Cauliflower and broccoli are two flowers you commonly eat, so expanding your tastes into those you regularly see as part of the centerpiece shouldn’t be such a stretch. Not all flowers are edible, but the ubiquitous carnation that lends itself to just about every flower arrangement offers a unique flavor profile that can elevate the look and taste of salads or desserts.
Carnations have a flavor best described as peppery and spicy. The miniature version of carnations, called dianthus, offers a spice reminiscent of clove and nutmeg. The use of carnations in culinary applications isn’t new. The petals are one of the 130 ingredients in the mystical and cinnamon-tasting French liqueur known as Chartreuse that has been distilled by monks since the 17th or 18th century.
Toss carnation petals in with baby lettuce and finely chopped vegetables to brighten a salad. Add them to the base of an aspic before chilling. Steep them in wine or cordials to add a spicy flair. They may also be candied or added to desserts, such as pies or fruit cakes. To candy petals, brush them with whisked egg white and douse in superfine sugar. Allow to dry on waxed paper prior to using. These candied petals create an elegant, edible garnish for cakes or cupcakes. Chop the petals and mix with other herbs into soft butter to eat with meats or with vegetables. Steep the flowers in sugar water to create a classic syrup that may serve as the base for ice cream, a glaze for lamb or the foundation for creative cocktails. Similarly, create a pickle by layering carnation petals with brown sugar, cloves, coriander seeds, cinnamon, bay leaves and heated vinegar in a jar. Chopped cucumber, green onions and corn kernels may also be added. Allow to steep for at least 2 weeks and eat with hard cheese.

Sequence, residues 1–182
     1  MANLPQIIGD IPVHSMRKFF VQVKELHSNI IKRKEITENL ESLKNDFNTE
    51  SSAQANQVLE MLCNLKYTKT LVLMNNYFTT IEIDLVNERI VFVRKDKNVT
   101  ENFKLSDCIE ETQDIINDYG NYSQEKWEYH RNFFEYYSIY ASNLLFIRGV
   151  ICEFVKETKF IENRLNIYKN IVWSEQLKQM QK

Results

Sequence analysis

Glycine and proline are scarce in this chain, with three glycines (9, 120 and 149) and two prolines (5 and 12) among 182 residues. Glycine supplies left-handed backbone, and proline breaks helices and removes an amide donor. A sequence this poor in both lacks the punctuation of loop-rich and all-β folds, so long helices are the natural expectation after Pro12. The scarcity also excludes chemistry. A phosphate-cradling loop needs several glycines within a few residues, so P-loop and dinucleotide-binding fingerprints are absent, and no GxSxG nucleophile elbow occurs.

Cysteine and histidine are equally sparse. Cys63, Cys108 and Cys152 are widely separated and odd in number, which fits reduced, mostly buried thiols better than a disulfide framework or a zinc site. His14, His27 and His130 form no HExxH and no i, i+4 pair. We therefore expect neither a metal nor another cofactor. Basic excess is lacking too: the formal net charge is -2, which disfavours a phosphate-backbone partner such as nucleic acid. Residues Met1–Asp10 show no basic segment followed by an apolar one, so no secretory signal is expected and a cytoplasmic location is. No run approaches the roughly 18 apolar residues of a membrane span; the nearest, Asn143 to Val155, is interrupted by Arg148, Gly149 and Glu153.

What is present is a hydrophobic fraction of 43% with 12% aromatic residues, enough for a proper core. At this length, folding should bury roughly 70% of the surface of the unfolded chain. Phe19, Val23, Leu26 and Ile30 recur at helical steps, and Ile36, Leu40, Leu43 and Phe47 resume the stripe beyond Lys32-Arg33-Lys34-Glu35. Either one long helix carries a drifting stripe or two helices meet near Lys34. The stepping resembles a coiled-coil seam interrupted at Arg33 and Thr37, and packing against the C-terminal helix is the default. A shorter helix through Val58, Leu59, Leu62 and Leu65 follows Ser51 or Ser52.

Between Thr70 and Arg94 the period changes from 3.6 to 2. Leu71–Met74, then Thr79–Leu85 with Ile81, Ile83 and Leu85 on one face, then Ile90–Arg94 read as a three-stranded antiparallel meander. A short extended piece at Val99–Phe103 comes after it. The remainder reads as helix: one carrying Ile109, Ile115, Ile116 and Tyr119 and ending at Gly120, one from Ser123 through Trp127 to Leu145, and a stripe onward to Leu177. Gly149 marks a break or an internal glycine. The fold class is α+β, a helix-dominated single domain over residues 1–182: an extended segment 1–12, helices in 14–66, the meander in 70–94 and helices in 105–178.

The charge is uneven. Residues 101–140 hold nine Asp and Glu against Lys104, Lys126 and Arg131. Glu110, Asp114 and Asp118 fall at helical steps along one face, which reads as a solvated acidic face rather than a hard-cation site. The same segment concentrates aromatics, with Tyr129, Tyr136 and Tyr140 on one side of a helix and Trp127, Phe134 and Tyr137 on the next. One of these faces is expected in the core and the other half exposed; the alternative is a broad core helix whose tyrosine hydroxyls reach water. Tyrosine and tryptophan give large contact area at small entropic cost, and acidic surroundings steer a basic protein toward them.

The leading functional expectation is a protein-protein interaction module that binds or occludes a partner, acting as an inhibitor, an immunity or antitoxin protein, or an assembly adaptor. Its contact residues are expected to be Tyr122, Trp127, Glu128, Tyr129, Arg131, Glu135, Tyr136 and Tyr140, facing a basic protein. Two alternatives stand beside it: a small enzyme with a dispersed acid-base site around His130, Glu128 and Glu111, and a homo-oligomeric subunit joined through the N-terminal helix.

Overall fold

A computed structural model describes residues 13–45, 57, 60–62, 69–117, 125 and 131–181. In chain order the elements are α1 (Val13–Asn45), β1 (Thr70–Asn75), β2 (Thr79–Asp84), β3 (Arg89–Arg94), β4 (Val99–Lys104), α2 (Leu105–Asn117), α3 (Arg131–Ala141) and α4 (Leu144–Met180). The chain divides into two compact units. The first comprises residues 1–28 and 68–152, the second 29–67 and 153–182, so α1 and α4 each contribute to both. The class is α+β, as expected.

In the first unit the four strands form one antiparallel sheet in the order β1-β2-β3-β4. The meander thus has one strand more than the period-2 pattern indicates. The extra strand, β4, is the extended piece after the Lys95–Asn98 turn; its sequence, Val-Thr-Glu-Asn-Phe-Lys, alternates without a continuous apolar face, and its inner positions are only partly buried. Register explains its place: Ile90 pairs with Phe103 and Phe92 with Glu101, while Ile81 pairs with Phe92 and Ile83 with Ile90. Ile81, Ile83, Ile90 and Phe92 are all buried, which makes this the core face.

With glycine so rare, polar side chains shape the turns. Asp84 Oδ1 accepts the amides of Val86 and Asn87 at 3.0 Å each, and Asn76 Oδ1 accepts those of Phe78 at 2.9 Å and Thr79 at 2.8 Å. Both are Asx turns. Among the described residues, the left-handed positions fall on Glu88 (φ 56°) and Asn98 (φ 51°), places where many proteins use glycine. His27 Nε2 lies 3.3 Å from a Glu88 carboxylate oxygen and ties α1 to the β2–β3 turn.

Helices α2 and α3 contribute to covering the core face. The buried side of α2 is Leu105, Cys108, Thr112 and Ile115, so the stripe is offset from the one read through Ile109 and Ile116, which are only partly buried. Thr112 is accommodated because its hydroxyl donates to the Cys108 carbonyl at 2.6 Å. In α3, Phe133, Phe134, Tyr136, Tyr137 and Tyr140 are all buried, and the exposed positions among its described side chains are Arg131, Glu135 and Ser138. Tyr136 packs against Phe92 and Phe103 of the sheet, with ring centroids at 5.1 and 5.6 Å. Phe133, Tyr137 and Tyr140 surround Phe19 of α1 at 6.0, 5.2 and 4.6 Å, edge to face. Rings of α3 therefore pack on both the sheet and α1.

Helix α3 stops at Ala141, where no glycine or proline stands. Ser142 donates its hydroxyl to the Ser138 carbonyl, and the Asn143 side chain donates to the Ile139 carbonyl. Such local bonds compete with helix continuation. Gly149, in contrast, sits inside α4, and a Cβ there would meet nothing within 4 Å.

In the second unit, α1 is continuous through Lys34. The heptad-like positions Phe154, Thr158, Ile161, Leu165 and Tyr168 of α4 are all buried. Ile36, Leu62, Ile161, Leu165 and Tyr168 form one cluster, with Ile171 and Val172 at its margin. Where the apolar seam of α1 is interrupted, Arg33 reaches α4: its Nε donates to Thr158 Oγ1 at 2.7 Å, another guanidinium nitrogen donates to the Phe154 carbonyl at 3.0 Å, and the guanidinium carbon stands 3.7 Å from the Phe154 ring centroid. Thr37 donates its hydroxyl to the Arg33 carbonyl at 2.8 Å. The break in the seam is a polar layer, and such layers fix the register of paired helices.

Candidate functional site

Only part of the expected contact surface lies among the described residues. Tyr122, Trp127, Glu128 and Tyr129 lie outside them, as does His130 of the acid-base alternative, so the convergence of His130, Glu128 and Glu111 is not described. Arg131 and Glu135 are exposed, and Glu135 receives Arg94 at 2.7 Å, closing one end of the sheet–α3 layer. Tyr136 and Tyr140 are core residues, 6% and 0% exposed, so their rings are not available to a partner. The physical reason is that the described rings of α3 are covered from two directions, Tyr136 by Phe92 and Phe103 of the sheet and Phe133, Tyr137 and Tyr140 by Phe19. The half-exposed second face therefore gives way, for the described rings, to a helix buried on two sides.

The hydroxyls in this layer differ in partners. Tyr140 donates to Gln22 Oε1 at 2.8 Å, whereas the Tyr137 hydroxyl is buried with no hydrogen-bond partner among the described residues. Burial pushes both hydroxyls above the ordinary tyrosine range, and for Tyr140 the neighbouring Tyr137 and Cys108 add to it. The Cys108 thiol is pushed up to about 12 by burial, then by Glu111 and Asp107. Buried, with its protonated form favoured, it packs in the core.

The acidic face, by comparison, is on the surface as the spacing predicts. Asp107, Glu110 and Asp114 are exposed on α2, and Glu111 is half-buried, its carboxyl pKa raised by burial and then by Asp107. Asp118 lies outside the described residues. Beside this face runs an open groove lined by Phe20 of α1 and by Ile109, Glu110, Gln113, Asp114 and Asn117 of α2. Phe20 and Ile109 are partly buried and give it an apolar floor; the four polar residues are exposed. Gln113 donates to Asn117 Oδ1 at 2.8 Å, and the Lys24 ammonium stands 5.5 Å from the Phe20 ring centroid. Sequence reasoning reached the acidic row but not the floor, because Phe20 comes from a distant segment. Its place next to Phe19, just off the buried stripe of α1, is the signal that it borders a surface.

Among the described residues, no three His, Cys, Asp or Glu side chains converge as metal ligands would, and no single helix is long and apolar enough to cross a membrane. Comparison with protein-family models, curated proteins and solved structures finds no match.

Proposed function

You should first shake out the carnations to remove any insects trapped inside. Remove the stamen, sepal and style from the flower, as these can make your dish bitter. You’ll recognize these as the opaque white and green stalky parts that attach the petals to the stem. The pollen found in the stamen may taste exceptionally unpleasant when you chew. Place the petals in a strainer submerged in a bowl of cool water, drain them and lay them on a paper towel to dry. Sample a petal from each flower before adding to recipes as some may be bitter.
Before You Buy
Don’t recycle a bouquet or boutonniere for your next culinary masterpiece. Carnations from florists and nurseries aren’t approved for human consumption, unless labeled as such. They have been sprayed with toxic pesticides or herbicides. Purchase edible carnations in specialty grocery stores or grow your own to ensure they’re safe.
References and ResourcesGourmet Sleuth: Carnations
CountryFarm Lifestyles: Edible Flowers - 10 Flowers You Can Eat
Gourmet Sleuth: Edible Flowers
What's Cooking America: Edible Flowers Chart
Details: Why Green Chartreuse Is the Hipster Jägermeister
Sunset: Eat-Your-Garden Salad
Edible & Medicinal Flowers: Carnation Pickle